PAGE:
Curfew Is Cooperís Latest Move in Stateís Fight Against Bars, Alcohol | Beaufort County Now | Gov. Roy Cooper ó and scores of politicians like them ó have since March imposed noxious closures and lockdowns with the altruistic goal of keeping us safe. | carolina journal, governor, roy cooper, curfew, bars, alcohol, coronavirus, covid-19, december 17, 2020

Coronavirus Disease 2019 (COVID-19)

Curfew Is Cooperís Latest Move in Stateís Fight Against Bars, Alcohol

Publisher's Note: This post appears here courtesy of the Carolina Journal. The author of this post is John Trump.

Gov. Roy Cooper at a July 2020 COVID-19 news briefing.

    Gov. Roy Cooper — and scores of politicians like them — have since March imposed noxious closures and lockdowns with the altruistic goal of keeping us safe. In reality, these government-imposed suppressions have done little but wreck our mental and physical health and devastate our economy.

    About 100 Triangle restaurants, bars, and similar service businesses have closed since spring, according to one list. Sit back and consider that; then try not to vomit. Try not to think of other businesses — people's livelihoods — closed and gone forever. A hundred businesses and counting, bleeding jobs, and community money. Wounded souls and broken families. Broken bodies. A microcosm of the searing, ongoing pain.

    Since the pandemic began, Cooper has closed schools and businesses, discouraged travel, and encouraged people to work from home. He has mandated masks and has asked local governments to enforce edicts he can't or won't.

    Cooper on Dec. 14 issued a news release saying he and other state officials wrote local elected politicians "imploring them to help slow the spread of COVID-19 in their communities by considering additional enforcement measures."

    "Now more than ever we need help with enforcement from our local partners to fight this raging pandemic," Cooper says in the release. "Taking steps now to protect our communities by enforcing safety precautions will help reduce transmission of the virus and save lives."

    No, that's wrong. Common sense will.

    The release continues: "A recent advisory opinion from the N.C. Department of Justice concludes that local governments may unquestionably enforce local ordinances that establish civil penalties for violations of the Governor's COVID-19 Executive Orders."

    "We are on a dangerous course," health secretary Dr. Mandy Cohen says. "Everyone — our counties and municipalities, businesses, community organizations, and every North Carolinian — must act to save lives and make sure our hospitals can care for those who need them."

    No argument there. But stop with the lectures. Stop ordering us around.

    None of the governor's suppressive measures, however, is more onerous than a 10 p.m. to 5 p.m. statewide curfew, which became effective Dec. 11. Cooper also tightened a curfew on alcohol sales, pushing it up to 9 p.m. from 11 p.m. for drinking in breweries, bars, or other businesses. A peak time for profits, once upon a time.

    The reasons for the crackdown and alcohol rules should be obvious. Bars in North Carolina haven't opened in any real way since the lockdowns began in March. A historical paradox.

    North Carolina's roots are soaked in moonshine — which spawned NASCAR — and the state is the most prolific brewer in the South. Its wine industry has flourished for decades, and some varietals grown here are as good as any from California or France. That's my opinion, but I assure you it's a learned one. Distilleries, thanks to loosened rules and laws, were emerging and flourishing, to the chagrin of many.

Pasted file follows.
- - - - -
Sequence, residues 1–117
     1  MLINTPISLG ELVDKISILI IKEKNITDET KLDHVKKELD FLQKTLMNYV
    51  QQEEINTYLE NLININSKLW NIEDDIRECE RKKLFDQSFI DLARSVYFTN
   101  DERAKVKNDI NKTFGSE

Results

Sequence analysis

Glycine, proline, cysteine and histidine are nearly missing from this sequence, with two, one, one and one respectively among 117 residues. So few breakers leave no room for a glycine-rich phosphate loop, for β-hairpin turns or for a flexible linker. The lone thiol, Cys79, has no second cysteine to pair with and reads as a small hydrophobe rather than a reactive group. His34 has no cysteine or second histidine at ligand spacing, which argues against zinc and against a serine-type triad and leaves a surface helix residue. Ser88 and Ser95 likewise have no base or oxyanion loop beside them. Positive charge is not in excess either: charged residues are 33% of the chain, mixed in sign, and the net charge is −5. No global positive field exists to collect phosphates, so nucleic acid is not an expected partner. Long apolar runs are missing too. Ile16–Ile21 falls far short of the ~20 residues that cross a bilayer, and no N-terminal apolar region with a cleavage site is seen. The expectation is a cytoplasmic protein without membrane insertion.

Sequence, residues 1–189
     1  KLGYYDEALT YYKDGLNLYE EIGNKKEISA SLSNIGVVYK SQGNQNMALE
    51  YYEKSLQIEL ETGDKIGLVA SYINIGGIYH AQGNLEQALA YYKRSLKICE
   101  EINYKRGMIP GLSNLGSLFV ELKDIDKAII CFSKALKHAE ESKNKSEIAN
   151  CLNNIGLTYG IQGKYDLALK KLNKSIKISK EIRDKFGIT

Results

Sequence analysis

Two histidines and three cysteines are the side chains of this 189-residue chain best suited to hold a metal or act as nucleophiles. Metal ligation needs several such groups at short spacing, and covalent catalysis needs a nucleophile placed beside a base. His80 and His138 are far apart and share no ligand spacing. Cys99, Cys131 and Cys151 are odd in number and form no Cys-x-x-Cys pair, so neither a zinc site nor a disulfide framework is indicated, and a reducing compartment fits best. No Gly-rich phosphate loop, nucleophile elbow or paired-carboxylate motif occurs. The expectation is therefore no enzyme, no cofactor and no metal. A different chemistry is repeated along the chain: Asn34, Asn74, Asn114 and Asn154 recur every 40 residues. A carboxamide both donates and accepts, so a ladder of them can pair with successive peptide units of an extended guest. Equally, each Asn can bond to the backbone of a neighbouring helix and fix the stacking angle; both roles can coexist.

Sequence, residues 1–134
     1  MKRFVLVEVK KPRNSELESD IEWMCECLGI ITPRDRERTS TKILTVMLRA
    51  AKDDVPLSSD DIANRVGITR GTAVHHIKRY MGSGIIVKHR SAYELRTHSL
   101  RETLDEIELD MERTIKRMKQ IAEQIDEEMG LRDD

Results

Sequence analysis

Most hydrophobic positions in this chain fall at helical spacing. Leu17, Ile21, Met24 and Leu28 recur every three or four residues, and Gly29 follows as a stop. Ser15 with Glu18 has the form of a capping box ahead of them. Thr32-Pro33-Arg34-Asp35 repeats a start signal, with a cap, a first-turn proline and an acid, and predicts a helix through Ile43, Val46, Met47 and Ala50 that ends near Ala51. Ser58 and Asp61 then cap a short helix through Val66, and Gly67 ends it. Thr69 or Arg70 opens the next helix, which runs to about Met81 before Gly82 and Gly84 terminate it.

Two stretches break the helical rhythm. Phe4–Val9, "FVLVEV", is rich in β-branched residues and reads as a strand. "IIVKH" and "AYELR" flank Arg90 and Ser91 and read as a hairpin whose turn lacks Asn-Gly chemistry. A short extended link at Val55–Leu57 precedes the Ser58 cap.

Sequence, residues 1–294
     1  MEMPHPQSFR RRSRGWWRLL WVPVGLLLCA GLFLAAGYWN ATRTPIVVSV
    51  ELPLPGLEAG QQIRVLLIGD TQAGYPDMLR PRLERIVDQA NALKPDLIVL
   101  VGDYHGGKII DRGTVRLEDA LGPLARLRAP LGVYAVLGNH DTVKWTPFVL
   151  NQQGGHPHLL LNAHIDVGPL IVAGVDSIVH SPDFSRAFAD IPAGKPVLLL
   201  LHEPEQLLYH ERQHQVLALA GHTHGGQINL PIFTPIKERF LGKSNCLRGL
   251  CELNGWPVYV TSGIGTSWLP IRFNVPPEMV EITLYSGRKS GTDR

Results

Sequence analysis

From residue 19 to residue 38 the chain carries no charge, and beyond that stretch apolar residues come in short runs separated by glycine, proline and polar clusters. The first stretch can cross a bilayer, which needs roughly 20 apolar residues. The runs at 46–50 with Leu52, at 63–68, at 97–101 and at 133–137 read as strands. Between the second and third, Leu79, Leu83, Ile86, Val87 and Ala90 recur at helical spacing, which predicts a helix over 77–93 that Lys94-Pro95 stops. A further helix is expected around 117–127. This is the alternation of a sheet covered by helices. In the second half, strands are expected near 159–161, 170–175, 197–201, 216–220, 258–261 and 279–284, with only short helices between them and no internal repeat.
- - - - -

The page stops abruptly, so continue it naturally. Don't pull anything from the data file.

Were. I know of several that have closed or are for sale.

    North Carolina hates alcohol. Has for some 90 years, even as entrepreneurs worked — and in many ways succeeded — to overcome that ingrained prejudice. The hatred goes back to the late 1930s, when politicians put together a draconian system of local control — i.e. a never-ending infusion of cash — to appease teetotalers and prohibitionists. The state has made progress toward modernizing, particularly over the past 10 years or so, thanks in no small part to people such as former N.C. Rep. Chuck McGrady and organizations such as the John Locke Foundation.

    Still, North Carolina hates alcohol, specifically liquor. That the state continues to promote a system tangled up in 170 local boards is evidence of that. As is an archaic state monopoly on purchasing, pricing, storage, and sales. Seeking unique bourbon and Scotch in North Carolina is akin to searching for healthy options at a fast-food drive-thru. You buy what best suits your needs at the moment — if you're that hungry — or you move on.

    Sometimes, speaking of state liquor stores, there's an occasional surprise. But it's typically gone before you see it, if it was even there in the first place.

    Bar owners have pushed back against Cooper since spring, taking issue with his penchant for cracking down on already struggling businesses rather than targeting private gatherings. Bar owners, in the pile of lockdown debris, are buried at the rotten bottom.

    "This is Governor Cooper and his team picking winners and losers and grinding down small business owners once again," Zack Medford, founder and president of the N.C. Bar and Tavern Association, told Carolina Journal.

    That's what Cooper does.

    There's leading with compassion and common sense, and there's eliciting compliance by force, by the proverbial point of a gun.

    Make no mistake, this is the latter.

    Carolina Journal managing editor John Trump is author of Still & Barrel: Craft Spirits in the Old North State.


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